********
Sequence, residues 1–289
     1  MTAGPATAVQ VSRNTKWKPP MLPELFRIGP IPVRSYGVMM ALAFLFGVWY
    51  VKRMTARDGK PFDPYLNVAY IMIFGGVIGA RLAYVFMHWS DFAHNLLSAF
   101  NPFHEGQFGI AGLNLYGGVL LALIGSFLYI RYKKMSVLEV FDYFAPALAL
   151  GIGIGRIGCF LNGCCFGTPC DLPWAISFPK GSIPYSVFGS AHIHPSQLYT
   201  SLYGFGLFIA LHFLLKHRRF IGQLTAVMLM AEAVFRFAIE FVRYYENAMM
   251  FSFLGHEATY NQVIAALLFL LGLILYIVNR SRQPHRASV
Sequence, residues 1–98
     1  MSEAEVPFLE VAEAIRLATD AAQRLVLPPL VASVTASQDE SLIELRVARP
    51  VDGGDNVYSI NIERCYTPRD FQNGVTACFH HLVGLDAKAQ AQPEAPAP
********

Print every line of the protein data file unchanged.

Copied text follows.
Sequence, residues 1–289
     1  MTAGPATAVQ VSRNTKWKPP MLPELFRIGP IPVRSYGVMM ALAFLFGVWY
    51  VKRMTARDGK PFDPYLNVAY IMIFGGVIGA RLAYVFMHWS DFAHNLLSAF
   101  NPFHEGQFGI AGLNLYGGVL LALIGSFLYI RYKKMSVLEV FDYFAPALAL
   151  GIGIGRIGCF LNGCCFGTPC DLPWAISFPK GSIPYSVFGS AHIHPSQLYT
   201  SLYGFGLFIA LHFLLKHRRF IGQLTAVMLM AEAVFRFAIE FVRYYENAMM
   251  FSFLGHEATY NQVIAALLFL LGLILYIVNR SRQPHRASV
Sequence, residues 1–98
     1  MSEAEVPFLE VAEAIRLATD AAQRLVLPPL VASVTASQDE SLIELRVARP
    51  VDGGDNVYSI NIERCYTPRD FQNGVTACFH HLVGLDAKAQ AQPEAPAP